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Journal Article


Townsend RN, Colella JJ, Diamond DL. J. Trauma 1990; 30(9): 1169-1174.


Division of General Surgery, Allegheny General Hospital, Pittsburgh, Pennsylvania.


(Copyright © 1990, Lippincott Williams and Wilkins)






The diagnosis and initial stabilization of patients with traumatic rupture of the aorta (TRA) is performed by trauma surgeons. The resuscitations of 54 TRA patients at a Level I trauma center are reviewed. Although the survival of patients who underwent attempted repair was good (75%), 21/27 (78%) deaths occurred during phases of treatment controlled by a trauma surgeon. The techniques and sequencing of resuscitation can affect outcome. Pneumatic antishock garments were not beneficial in the prehospital setting for patients with TRA. In fact, PASG were on and inflated in all patients who presented in cardiac arrest. Awake, unanesthetized intubation caused fatal aortic rupture in three patients. Pharmacologic control of blood pressure during intubation is necessary. The amount of fluid, blood transfusion, and changes in blood pressure secondary to therapy did not statistically affect outcome. The average time from arrival in the ER to angiogram was 64.7 minutes. The average time ER to operating room was 159.7 minutes. Seven cases of TRA had delayed diagnosis usually for a misinterpreted CXR (5/7). Delay in diagnosis did not directly contribute to any deaths. Associated abdominal injuries are a common cause of preventable deaths. Fourteen patients with combined abdominal injuries and TRA were identified. Four of six deaths occurred with potentially reparable injuries. Operative and diagnostic sequences must be adjusted to allow rapid control of all potentially fatal injuries.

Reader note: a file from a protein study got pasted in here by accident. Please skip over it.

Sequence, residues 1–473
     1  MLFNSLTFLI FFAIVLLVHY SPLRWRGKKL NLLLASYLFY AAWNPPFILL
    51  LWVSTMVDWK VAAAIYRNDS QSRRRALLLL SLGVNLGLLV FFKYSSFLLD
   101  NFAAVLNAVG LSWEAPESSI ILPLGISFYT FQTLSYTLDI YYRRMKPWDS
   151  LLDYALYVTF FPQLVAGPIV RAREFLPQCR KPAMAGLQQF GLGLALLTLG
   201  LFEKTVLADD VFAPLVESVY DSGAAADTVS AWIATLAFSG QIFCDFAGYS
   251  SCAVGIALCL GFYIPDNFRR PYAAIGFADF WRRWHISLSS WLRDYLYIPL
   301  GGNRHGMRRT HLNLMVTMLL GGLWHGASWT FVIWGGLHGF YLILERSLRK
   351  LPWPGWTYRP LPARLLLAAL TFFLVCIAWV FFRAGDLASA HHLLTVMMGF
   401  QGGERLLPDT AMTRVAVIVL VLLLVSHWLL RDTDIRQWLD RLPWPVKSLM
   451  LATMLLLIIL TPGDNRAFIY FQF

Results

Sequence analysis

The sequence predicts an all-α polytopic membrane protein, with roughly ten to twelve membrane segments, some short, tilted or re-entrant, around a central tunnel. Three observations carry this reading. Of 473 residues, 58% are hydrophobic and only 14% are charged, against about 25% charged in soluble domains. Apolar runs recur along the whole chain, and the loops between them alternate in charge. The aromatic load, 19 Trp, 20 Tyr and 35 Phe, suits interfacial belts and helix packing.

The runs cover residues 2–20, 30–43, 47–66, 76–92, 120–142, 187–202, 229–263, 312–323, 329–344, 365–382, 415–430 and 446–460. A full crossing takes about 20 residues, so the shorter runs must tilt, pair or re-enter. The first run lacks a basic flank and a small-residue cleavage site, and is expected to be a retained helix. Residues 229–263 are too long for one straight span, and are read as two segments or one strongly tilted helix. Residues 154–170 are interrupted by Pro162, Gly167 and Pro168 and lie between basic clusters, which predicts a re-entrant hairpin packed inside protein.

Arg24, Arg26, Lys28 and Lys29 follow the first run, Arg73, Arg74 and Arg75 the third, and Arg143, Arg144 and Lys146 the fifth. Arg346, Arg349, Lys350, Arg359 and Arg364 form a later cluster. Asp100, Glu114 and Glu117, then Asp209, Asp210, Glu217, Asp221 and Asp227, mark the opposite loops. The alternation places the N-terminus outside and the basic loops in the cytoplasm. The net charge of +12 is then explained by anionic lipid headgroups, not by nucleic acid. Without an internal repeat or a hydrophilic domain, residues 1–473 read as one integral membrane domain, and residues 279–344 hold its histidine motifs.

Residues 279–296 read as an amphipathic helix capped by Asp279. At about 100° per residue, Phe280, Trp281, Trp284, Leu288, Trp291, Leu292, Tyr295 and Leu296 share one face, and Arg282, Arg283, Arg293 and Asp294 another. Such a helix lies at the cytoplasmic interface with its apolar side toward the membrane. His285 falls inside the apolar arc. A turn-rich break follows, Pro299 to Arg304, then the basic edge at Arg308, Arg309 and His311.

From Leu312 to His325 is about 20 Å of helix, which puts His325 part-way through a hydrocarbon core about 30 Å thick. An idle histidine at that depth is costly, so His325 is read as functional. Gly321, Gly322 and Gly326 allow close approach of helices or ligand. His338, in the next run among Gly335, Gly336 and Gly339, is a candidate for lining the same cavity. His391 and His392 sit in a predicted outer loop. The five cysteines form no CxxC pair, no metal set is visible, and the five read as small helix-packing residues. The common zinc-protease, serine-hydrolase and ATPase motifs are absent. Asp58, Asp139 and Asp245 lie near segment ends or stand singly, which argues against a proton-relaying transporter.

Language: en


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